With this win, Michael Phelps has taken gold in three solo events in our League of legends, after 400IM and 200 ‘fly. His journey did not come without sacrifice and mental-health challenges, a theme that the most decorated Olympian of all-time has made a part of his legacy, this past week marking the launch of “The Weight of Gold”, a documentary that sparked this response. 

The Last Gold Of Four Over 200IM – Michael Phelps At Rio 2016:

The Curtain Closes On One Of The Greatest Rivalries

– Contemporary Report, by John Lohn, Rio 2016

One day, perhaps a production company will pay all the rights fees required for footage and mesh together a DVD. It can be titled, “The Greatest Rivalry.” Care to guess the subject matter? Hint: It has to do with what unfolded – for the last time – on Night Six of the Olympic Games at the Rio Aquatics Centre.

For more than a decade, we’ve sat back and watched them entertain, rarely – if ever – providing something less than award-caliber stuff. If Part One of their show was a one-sided affair, it set the scene for what was to come. Part Two certainly brought more drama, the action scenes hitting their peak.

Now, the curtain is closed.

The Michael Phelps – Ryan Lochte rivalry is no more, the last clash of the American superstars booked into history on Thursday night with Phelps capturing the 22nd gold medal of his career, and the 26th overall medal. Heading for a second retirement, Phelps left no doubt about the outcome, putting together another virtuoso performance that ended in a time of 1:54.66, the fourth-fastest of his career and No. 8 all-time for the 31-year-old. It was his 15th individual Olympic medal, breaking the Olympic record off 14, held by former Soviet gymnast Larisa Latynina.

The bummer to the narrative was Lochte’s fifth-place finish in 1:57.47, the 32-year-old unable to maintain his lead at the midway point and his third-place standing going into the final lap. Nonetheless, to discount Lochte’s significance in the event, and to the best rivalry the sport has seen, would be a narrow-view focus. A career is not made on one race, but in totality, and Lochte’s portfolio rates in the top 1%.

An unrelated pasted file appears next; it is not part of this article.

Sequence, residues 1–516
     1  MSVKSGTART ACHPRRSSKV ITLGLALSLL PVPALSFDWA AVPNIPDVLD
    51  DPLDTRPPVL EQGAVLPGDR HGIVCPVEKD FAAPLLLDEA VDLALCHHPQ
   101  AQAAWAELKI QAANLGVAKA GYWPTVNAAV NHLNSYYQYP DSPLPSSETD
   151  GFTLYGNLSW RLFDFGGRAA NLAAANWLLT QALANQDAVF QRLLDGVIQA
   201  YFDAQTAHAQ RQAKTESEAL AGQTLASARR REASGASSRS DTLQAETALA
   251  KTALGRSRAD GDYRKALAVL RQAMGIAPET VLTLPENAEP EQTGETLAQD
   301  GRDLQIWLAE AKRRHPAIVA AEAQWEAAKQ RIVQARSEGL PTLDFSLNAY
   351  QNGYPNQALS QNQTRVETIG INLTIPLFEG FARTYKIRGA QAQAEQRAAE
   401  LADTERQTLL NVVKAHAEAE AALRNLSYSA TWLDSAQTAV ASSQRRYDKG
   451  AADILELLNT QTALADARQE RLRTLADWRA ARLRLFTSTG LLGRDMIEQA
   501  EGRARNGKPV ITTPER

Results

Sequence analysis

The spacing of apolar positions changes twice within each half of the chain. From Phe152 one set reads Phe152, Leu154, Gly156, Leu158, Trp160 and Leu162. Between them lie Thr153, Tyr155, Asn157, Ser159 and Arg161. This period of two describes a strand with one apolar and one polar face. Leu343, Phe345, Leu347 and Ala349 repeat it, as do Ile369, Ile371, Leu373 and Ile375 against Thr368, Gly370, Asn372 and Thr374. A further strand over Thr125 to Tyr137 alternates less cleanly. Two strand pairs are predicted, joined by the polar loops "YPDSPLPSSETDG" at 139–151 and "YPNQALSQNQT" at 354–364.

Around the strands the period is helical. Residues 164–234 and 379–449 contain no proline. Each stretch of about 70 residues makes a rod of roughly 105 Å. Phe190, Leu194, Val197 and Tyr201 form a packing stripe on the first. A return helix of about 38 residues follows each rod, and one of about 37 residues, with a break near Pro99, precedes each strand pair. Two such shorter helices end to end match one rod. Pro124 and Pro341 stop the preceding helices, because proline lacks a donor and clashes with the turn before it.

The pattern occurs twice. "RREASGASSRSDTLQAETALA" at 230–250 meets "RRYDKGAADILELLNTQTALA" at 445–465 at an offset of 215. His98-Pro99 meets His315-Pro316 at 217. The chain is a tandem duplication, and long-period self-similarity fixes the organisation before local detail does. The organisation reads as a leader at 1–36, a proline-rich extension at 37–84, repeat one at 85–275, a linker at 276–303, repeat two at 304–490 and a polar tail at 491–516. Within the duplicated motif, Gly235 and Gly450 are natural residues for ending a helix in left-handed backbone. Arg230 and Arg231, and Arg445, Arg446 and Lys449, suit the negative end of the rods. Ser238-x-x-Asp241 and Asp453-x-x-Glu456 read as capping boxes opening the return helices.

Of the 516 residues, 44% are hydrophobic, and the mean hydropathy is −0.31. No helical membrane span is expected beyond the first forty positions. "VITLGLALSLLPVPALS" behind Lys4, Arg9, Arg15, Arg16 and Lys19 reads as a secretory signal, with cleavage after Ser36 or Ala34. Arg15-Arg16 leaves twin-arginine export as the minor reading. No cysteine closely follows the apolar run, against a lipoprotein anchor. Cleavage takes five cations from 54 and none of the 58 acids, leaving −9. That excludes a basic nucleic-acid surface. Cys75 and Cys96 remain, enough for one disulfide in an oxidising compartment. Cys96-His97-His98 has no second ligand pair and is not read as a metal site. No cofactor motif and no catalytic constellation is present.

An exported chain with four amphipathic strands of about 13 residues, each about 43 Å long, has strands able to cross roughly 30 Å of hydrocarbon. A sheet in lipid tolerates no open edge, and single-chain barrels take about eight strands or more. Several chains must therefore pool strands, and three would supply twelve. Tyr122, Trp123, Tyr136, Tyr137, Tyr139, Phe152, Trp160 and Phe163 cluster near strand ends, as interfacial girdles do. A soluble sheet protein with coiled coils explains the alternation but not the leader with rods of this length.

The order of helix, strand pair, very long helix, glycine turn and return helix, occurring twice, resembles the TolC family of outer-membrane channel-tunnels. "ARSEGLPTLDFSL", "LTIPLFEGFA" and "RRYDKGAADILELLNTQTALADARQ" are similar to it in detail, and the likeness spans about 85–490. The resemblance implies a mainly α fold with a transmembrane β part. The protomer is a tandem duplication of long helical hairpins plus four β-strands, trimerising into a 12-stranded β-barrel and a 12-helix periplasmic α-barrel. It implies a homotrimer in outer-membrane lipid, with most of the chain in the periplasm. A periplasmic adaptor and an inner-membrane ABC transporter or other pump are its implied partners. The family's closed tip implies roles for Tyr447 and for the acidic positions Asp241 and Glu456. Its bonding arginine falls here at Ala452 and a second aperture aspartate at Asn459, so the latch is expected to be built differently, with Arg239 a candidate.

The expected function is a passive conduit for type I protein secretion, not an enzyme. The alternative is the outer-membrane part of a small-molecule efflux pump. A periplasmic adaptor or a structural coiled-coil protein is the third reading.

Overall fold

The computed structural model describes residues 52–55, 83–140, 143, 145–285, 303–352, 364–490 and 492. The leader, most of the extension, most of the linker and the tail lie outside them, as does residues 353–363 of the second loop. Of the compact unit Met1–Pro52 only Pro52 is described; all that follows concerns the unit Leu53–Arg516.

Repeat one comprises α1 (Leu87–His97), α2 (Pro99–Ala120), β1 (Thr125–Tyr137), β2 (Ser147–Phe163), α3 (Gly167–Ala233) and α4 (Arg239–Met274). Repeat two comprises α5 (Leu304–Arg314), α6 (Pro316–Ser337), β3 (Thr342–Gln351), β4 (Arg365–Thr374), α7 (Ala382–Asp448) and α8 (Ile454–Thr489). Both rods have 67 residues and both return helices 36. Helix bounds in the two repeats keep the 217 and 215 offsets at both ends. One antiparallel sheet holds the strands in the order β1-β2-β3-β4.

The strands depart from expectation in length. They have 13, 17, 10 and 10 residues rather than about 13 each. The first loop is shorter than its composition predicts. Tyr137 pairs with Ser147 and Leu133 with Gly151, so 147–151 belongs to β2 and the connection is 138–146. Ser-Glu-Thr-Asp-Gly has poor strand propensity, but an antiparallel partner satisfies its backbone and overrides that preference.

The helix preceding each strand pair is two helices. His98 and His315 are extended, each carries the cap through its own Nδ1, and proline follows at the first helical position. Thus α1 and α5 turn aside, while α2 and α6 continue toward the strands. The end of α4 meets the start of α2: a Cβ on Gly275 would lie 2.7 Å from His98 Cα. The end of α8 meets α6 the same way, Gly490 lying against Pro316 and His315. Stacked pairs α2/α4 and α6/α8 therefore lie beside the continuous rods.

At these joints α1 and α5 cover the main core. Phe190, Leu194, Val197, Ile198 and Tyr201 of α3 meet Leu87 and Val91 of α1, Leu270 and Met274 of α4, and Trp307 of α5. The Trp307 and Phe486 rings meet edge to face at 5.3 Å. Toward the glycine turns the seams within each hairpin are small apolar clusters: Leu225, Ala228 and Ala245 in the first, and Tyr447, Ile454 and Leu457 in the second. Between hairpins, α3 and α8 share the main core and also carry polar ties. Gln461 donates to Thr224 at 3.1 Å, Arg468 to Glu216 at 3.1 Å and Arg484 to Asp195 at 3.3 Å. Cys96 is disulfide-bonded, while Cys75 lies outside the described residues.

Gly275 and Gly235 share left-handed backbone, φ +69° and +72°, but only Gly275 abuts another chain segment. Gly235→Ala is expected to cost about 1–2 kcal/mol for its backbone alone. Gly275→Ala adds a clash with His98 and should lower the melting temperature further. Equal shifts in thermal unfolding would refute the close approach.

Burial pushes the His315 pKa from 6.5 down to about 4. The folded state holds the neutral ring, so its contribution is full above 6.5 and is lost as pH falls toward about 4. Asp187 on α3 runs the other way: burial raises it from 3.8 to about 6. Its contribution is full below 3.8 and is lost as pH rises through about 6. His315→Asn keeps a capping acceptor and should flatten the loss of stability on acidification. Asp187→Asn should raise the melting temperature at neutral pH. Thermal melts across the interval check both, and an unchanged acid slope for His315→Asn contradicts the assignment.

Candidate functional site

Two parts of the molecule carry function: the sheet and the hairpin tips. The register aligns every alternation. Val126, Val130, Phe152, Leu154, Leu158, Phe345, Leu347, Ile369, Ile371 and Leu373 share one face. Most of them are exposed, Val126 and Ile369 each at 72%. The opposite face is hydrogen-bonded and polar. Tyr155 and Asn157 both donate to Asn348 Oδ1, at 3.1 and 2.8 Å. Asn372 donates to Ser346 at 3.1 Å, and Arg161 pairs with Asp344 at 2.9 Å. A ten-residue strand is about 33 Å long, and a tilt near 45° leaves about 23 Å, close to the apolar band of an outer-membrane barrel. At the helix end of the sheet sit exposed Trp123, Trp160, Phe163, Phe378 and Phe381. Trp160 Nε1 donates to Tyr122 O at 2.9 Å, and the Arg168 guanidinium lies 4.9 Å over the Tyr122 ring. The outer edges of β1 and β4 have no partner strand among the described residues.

With Michael Phelps notching a 1.95-second margin of victory, not far off his record 2.29-second triumph from Beijing in 2008, the silver medal went to Japan’s Kosuke Hagino in 1:56.61, the bronze to China’s Wang Shun in 1:57.05.

“I kind of knew when I first started coming back that it wasn’t going to be an easy process and I was going to force myself to go through pain I didn’t really want to go through,” Phelps said. “But if I wanted the end result, I had to. I was at a point in my life that I was ready to do that. I came back the heaviest I had ever been. I’ve said it a bunch: I felt like a kid again. I felt like I did when I was 18.

“It was some of the best training of my life. That was the only reason I was able to get back to where I once was. To be able to race this level consistently. I can recall a grand prix in Charlotte, and I thought, ‘what the hell am I doing back swimming again? I’m terrible.’ I was frustrated. But I decided to trust (coach Bob Bowman). For some reason, I trusted him when I was 11 years old and he’s not let me down once since, and I knew he would not let me down this time.”